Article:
In the mid-1980s, he was living in St. Cloud with his wife Judy, raising his three kids and running an insurance company. When the business went under, his partner took his own life, and Bude considered doing the same.

After his stint in the psych ward, he ended up in Isle, working as an insurance agent and an outdoor cook at Izatys, then running his own barbecue business. Eventually he had to give up steady work because of his illness, but he keeps busy around the house, caring for his grandkids, and hunting.

Thanks to the VA and his PA — Jill Larsen from Mille Lacs Health System — he’s feeling pretty good lately.

He quit drinking for 12 years but fell off the wagon a few years ago. He knows it’s not good for him, but says he “copped an attitude” after years of sobriety.

He’s considering going on the wagon again. The alcohol makes him sick and doesn’t react well to medications.

He’s suffering from other illnesses as well, including diabetes, hepatitis, heart problems and eye problems. Some of his health problems have been connected by the Veterans Administration to his service in Vietnam. Others were caused by prescription drugs.

It’s a constant struggle to fit into a small community. His disease causes him to say some crazy things. “The outrageous statements have gotten me in a lot of trouble,” he says. “It scares people. I’m the town crazy man.”
Bipolar Disorder requires lifelong treatment
by Tenlee Lund, Mille Lacs Health System
Bipolar disorder is a serious mental illness that affects about 5.7 million people in the United States. It is characterized by extreme mood swings, which make life difficult for the person suffering from the disorder — and their family and friends.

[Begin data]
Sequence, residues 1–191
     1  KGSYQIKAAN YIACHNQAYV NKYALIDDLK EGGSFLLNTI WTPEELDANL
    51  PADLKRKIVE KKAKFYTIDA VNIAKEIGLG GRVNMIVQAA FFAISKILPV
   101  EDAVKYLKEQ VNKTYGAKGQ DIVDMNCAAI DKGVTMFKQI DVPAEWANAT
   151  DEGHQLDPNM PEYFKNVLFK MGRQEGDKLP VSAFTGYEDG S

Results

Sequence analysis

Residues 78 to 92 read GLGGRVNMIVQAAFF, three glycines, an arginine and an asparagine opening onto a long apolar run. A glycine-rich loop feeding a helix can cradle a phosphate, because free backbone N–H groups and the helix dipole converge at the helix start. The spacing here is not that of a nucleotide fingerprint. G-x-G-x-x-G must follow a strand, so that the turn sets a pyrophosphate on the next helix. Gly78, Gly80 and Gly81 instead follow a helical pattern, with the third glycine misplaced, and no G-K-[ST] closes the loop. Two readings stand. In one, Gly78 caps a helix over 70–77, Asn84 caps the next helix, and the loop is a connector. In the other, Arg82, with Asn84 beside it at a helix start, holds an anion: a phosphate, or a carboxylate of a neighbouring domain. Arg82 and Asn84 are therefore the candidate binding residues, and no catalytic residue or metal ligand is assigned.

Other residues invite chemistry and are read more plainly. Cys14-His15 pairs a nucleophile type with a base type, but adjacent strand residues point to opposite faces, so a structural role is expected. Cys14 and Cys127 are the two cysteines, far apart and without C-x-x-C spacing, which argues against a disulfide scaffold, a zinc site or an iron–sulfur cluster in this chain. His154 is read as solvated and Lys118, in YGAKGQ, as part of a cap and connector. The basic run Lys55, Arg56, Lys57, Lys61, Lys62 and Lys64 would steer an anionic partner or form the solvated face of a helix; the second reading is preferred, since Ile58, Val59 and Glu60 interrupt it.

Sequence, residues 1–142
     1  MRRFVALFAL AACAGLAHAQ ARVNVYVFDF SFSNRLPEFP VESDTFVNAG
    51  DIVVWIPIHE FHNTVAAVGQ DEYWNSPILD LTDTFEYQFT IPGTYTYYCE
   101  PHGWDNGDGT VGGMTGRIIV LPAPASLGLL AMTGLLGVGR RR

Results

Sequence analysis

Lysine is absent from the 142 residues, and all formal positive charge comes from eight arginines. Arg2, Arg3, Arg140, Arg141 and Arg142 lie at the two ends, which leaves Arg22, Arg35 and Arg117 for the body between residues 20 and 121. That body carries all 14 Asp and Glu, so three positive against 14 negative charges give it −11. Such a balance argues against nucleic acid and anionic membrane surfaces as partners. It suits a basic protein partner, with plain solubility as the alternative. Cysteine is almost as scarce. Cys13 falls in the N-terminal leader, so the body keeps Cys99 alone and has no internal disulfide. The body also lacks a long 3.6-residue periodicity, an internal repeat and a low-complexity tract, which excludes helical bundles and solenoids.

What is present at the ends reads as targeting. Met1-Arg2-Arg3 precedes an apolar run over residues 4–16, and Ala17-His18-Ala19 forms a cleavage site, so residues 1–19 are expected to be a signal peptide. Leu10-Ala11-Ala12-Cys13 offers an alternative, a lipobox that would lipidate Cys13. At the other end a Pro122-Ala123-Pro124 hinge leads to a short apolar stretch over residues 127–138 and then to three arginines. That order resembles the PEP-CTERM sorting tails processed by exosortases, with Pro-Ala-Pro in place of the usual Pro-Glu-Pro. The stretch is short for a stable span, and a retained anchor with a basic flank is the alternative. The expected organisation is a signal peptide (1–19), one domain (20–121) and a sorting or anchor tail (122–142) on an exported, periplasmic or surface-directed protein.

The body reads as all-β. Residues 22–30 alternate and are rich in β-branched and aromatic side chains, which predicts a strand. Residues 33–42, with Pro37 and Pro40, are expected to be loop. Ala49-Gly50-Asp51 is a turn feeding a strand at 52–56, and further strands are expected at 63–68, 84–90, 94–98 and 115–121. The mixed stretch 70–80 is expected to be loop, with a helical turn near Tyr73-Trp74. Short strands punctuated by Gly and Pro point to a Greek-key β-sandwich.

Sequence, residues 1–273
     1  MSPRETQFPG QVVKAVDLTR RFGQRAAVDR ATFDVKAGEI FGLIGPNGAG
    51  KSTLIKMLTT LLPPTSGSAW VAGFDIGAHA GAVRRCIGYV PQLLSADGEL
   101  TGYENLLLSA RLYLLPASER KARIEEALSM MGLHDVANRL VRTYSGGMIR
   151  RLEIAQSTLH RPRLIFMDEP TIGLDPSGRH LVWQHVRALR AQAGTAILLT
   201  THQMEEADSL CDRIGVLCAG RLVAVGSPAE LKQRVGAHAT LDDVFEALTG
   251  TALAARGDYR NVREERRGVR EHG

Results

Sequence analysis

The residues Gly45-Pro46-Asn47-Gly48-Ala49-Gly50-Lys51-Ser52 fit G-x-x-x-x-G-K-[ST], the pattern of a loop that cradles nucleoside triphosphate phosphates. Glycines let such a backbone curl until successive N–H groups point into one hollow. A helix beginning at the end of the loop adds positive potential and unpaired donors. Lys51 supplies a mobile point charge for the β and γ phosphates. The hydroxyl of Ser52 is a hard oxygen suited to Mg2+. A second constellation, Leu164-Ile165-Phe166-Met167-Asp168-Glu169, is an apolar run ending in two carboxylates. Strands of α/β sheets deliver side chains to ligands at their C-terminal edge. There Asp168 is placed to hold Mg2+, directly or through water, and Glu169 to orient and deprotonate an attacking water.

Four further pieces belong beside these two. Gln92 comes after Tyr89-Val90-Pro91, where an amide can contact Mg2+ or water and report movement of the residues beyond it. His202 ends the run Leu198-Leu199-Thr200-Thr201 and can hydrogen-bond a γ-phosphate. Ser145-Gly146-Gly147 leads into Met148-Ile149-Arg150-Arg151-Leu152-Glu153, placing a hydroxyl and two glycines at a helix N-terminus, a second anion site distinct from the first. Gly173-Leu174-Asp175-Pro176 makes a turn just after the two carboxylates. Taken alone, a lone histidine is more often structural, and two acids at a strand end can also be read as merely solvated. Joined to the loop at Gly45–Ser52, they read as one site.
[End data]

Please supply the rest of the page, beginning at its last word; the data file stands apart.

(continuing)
Formerly known as manic-depression, bipolar disorder is a brain disorder caused by a true chemical imbalance. It is diagnosed in both men and women, children as well as adults.
“Bipolar disorder patients have mood swings from depression to mania,” explained Dr. David J. Lopez, psychiatrist with Mille Lacs Health System (MLHS). “When they feel depressed, they have symptoms of sadness, anxiety, guilt or anger. Their appetites and sleep get disturbed. They also lose interest in activities they enjoyed before. They can become socially isolated and cry easily.
“When they are on the other spectrum of the disease, mania/hypomania, then they feel that they are at the top of the world and they can conquer anything. They have high energy levels, they need less sleep, their speech is fast and pressured and they have many ideas going in their minds at the same time. They are easily distractible and will take risks, like driving too fast, sexual indiscretions, shopping sprees or increased use of illegal substances.”
Ron Hunt, psychologist with MLHS, added that patients often try to self-medicate, using drugs or alcohol in attempts to “manage their mood with chemicals.” This can lead to substance abuse and addiction problems. “It’s a very poor way to try to treat their own illness because illegal drugs and alcohol aren’t designed for treating bipolar disorder.”
There are, however, many mood-stabilizing medications that are designed for that purpose. Dr. Lopez cited traditional mood stabilizers — Lithium, Valproic Acid and Lamotrigine; antipsychotics — Olanzapine, Quetiapine and Risperidone, and antidepressants that are prescribed to help regulate and stabilize patients’ mood swings.
“The psychiatrist is the first line of defense,” said Hunt. “The psychologist is the second line, because we help people with their coping skills and getting through traumas of the past. A lot of times bipolar people have traumas in their past, for a variety of reasons.”
He said the best treatment includes the patient and “the circle around them,” their family and friends.